• artist page
• unlimited song uploads
• private message board
• gig calendar

while, if you pay a monthly fee, you get additional features thrown in, such as flash page, ad-free, background radio, 320 kbps mp3 option, 40MB/song uploads, deep-linking etc.

Incidentally, they offer an extra service which promotes your site and your music, but the important thing to remember is that if you like - you can simply pay nothing - upload your music, and take it from there.

Music must be in MP3 format - but not to worry - Soundclick offers free MusicMatch software, which converts your music to MP3 format, and is very simple.

Upside It is a well-organised, long-established site. It is also free, and the presence of name acts like Phil Collins and Peter Gabriel should attract more potential buyers than most download operations. It is also simple to get going and with a number of major labels working with the site - then if you get onto the Soundclick charts which are compiled on the number of people who log on to play your song - you may very well get noticed by a big player.

Downside It is not so much a commercial as a promotional site, so opportunities for making money directly are more limited although  there is a good shop facility. is closer to than any other site we've seen. It is not free, but you can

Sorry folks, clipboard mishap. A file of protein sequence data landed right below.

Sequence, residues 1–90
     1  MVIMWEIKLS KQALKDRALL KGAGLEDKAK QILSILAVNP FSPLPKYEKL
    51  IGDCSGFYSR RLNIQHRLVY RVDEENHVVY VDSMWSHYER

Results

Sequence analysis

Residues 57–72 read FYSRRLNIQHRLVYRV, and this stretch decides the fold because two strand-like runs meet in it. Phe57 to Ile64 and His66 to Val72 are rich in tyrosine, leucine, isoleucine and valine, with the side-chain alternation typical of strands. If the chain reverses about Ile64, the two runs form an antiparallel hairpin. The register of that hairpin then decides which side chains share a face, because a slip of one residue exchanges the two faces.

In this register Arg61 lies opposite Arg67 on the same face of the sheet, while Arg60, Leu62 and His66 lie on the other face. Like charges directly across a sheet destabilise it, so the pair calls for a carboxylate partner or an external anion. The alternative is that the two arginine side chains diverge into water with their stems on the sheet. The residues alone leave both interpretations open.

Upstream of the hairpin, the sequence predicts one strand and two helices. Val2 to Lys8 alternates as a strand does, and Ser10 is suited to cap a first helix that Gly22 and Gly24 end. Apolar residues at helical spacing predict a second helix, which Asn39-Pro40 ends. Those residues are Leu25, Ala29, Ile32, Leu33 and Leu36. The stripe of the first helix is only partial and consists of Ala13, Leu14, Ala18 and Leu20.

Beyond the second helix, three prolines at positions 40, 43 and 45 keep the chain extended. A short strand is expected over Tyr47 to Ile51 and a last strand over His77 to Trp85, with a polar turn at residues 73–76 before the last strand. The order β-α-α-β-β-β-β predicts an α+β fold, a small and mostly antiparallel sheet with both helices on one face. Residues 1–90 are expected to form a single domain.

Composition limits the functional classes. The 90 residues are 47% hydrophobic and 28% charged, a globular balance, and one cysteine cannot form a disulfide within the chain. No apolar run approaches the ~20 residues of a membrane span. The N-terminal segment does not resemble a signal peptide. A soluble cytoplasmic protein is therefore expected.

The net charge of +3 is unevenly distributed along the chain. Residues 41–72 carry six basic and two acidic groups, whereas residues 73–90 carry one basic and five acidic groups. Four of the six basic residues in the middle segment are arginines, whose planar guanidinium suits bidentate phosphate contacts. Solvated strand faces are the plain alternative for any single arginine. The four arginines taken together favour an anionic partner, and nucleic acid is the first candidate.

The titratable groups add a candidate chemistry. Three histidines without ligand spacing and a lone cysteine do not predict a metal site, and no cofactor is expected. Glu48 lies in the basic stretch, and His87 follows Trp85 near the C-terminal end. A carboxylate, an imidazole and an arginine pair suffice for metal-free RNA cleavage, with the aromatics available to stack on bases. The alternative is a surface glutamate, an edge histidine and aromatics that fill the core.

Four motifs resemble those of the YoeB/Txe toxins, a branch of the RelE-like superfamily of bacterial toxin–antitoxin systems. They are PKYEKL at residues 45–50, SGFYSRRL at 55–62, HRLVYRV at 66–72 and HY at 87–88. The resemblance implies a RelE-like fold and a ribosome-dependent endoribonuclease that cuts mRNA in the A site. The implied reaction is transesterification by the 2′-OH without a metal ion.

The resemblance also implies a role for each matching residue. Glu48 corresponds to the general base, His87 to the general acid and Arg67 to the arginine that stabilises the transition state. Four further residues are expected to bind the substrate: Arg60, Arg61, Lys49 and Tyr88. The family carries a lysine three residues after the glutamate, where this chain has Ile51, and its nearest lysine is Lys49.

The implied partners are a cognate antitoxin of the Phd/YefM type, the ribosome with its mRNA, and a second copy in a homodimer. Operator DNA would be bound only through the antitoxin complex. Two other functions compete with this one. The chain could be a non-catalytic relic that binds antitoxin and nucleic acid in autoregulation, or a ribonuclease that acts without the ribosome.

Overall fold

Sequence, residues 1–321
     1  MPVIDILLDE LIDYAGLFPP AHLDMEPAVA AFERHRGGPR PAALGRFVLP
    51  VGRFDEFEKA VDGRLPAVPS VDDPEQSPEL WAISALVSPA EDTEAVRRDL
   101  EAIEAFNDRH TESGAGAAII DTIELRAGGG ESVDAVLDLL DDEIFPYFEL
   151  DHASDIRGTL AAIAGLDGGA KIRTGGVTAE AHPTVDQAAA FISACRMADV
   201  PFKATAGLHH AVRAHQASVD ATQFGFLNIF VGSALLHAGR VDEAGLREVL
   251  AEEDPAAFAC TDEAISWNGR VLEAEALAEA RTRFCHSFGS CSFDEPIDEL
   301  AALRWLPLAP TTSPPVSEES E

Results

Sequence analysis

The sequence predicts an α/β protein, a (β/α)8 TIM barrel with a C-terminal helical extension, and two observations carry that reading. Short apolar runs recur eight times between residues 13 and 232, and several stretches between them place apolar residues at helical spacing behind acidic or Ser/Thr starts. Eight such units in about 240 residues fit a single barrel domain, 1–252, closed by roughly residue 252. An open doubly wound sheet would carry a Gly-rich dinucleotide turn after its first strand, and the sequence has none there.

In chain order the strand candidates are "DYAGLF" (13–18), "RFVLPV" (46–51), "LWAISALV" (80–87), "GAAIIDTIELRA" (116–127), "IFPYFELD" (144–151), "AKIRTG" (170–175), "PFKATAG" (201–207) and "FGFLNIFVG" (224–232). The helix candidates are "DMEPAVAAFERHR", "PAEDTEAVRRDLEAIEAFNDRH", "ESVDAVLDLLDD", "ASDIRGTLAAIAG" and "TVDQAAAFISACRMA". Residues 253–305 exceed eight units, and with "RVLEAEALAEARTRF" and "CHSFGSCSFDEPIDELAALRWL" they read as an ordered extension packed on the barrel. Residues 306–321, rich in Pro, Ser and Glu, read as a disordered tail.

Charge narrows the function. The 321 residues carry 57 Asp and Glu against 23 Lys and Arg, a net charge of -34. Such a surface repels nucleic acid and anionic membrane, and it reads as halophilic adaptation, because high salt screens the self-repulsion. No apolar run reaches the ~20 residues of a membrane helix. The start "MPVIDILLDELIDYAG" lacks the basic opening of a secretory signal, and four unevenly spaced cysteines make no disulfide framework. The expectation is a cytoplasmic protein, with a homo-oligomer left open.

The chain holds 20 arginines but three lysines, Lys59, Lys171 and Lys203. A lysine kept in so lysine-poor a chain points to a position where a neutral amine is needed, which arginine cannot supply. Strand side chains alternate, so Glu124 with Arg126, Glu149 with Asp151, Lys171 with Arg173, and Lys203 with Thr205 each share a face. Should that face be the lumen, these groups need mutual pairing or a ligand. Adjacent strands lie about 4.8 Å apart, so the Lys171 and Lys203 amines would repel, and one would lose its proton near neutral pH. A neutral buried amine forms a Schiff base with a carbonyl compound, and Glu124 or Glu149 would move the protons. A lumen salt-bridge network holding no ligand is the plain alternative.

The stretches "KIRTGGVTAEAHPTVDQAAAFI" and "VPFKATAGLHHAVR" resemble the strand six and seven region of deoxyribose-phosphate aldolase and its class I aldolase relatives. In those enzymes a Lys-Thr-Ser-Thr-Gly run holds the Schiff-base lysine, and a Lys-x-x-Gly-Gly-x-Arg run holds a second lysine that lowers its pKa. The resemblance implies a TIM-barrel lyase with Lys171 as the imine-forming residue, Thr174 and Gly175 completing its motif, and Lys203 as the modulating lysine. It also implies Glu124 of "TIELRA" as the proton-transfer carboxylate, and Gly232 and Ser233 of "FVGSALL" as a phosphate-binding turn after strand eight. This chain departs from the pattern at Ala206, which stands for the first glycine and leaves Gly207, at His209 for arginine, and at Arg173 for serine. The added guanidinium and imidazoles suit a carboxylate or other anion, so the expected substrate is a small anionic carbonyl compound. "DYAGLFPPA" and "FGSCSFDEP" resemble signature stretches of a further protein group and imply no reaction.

• Sell your music downloads from your own website
• Use your own domain name (such as
• Host up to 250 songs with unlimited streaming
• Post 50 photos, 30 albums and 8 videos, and offer song downloads for sale

Like Hostbaby,  you simply choose a template for their library, and off you go. The templates incidentally, are well-designed.

Upside Nice site, nice templates, and a very generous royalty.

Downside Although you are there to sell your songs as downloads, any visitor to the site can play your tune in full (there are no 30-second previews) before buying. In our opinion, people who can play the song in full anytime they like, are not as likely to buy a download unless they really want to be able to carry the song around with them.

The songwriting world has changed dramatically since 1995, and nowadays, every writer can easily sell their product on a world-wide marketplace. However, you have to remember that the web is changing daily, it is impossible to guarantee the success, or indeed longevity, of any site.

However, the following should also be looked at.

• Bandcamp

• ReverbNation

• Sellfy

• TuneCore

• Ditto Music

• Rebeat

• Ingrooves

• Redeye

• Spotify

• The Orchard

• Virtual Label

• iTunes and Amazon

Obviously, iTunes and Amazon are the "big boys" - but remember, iTunes require you to have a number of albums already available, while Amazon will only accept your album if you have used a service like CD Baby Rebeat, Ingrooves, Redeye, The Orchard, TuneCore or Virtual Label.